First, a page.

Did you hear the one about the creatively spiraling rock star who wrote a letter to Congress expressing his support for the proposed merger between Ticketmaster and Live Nation? Next up, we’ll hear from Chinese toymakers about the safety of lead.
The rocker in question is Billy Corgan. He used to front a band called Smashing Pumpkins, which is not to be mistaken for the band called Smashing Pumpkins that he toured with of late.
Pumpkins frontman Billy Corgan sells out by giving it up for the ever-questionable Ticketmaster
Corgan’s letter was recently exposed by his hometown newspaper critic, the Chicago Sun Times’ Jim DeRogatis. Suddenly, anything bad I’ve ever said about Prince looks like kids’ play now.
Corgan wrote, “The combination of these companies creates powerful tools for an independent artist to reach their fans in new and unprecedented ways, all the while restoring the power where it belongs.”
In his letter, intended for the Senate Committee on Antitrust, Competition Policy and Consumer Rights, Corgan is talking about so-called 360 deals, where a merged Ticketmaster/Live Nation company would oversee all facets of artists’ careers, including sales of CDs, tickets and something you now see at most concert merch stands: thong underwear (giving Corgan’s ex-bandmates a joke about how he always rode their backsides, too).
The bad guys in Corgan’s eyes are corporate record companies, which have already lost all their value and power. These used to be the companies that would pay the $500,000 studio fees and bail money for artists like Smashing Pumpkins but then dare to ask for another song or two. Maybe even a good one.
Turns out, Corgan is even less of an unbiased source on the Ticketmaster/Live Nation matter than your average millionaire rock star. His manager works for Irving Azoff, the Eagles manager who is also now in charge at Ticketmaster.
But that’s not why Corgan should’ve kept his mouth shut. The real reason is the guy probably hasn’t bought a ticket through Ticketmaster since before he still had hair.
OK, so I don’t buy a lot of concert tickets, either. I studied hard in school to get a job where those Motley Crue and Yanni tickets come for free. But I know enough about Ticketmaster to know they’re the ultimate bad guy in most music fans’ eyes. Not even record companies - which have suffered insurmountable PR losses by taking Timmy the Filesharing College Student to court - have as tarnished an image.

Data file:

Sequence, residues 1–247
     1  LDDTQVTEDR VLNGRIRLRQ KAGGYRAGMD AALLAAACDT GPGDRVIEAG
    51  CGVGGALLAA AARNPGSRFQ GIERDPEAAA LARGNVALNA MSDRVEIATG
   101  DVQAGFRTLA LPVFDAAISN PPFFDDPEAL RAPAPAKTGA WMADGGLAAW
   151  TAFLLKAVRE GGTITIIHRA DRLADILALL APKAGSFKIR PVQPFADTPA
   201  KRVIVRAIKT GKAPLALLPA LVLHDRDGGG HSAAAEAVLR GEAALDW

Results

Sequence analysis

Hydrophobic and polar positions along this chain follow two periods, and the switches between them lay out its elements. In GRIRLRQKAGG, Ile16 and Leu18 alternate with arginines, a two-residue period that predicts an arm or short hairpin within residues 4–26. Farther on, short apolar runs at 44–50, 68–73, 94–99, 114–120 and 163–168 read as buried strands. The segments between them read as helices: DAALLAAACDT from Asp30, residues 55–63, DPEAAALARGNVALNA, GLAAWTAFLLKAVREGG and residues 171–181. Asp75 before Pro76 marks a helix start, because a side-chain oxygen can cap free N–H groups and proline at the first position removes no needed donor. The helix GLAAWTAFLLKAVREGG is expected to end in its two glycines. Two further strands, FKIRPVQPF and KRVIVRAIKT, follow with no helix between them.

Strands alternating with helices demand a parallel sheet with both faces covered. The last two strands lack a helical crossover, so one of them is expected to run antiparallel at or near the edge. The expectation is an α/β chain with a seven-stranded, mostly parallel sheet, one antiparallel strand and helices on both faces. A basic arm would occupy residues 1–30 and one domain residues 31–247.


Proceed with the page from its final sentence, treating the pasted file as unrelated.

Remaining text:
Some of Ticketmaster’s bad rep isn’t completely deserved. For instance, the company’s linchpin issue of late, its scalper-priced site TicketsNow, involves as much misunderstanding as it does mismanagement.
TicketsNow is a subsidiary Web site where Ticketmaster posts links to tickets at scalper sites. All of those tickets actually go on sale to the public first. The problem, of course, is that they’re sometimes only available for mere seconds before scalpers gobble them up using hi-fi software, as was the case with many of Leonard Cohen’s and Bruce Springsteen’s upcoming shows.
I talked to Ticketmaster spokesman Albert Lopez after local AC/DC fans first discovered the dirty deeds of TicketsNow. His defense was: a) Ticketmaster takes only a fee from those sales while the rest of the money goes to scalpers; b) the reason it does this is to guarantee the validity of these scalpers’ tickets.
“It’s a safeguard for fans,” Lopez said.
Sounds good. But, of course, if Ticketmaster really were concerned about fans, it’d never let all those tickets wind up in the hands of scalpers in the first place. Surely, there has to be technology available to prevent this.
Sen. Chuck Schumer, D-N.Y., who I believe was in an early lineup of Smashing Pumpkins, said it pretty well: “Time and time again, Ticketmaster appears to be going out of its way to prevent concertgoers from paying face value for tickets.”
If Ticketmaster can’t improve its current services to be more fan-friendly, imagine how it might operate in a merger with Live Nation. Scary.
I say we go back to the old-school way of buying tickets: Fans line up outside the arena and wait it out, maybe even make a party of it. Seats shouldn’t become available online until the last fan leaves the line.
I bet fans would still line up for Corgan’s Pumpkins. Or at least they would if he put the old lineup back together. (Which doesn’t seem likely: The Associated Press reported Monday that the only other original band member, drummer Jimmy Chamberlin, has left the Smashing Pumpkins.)
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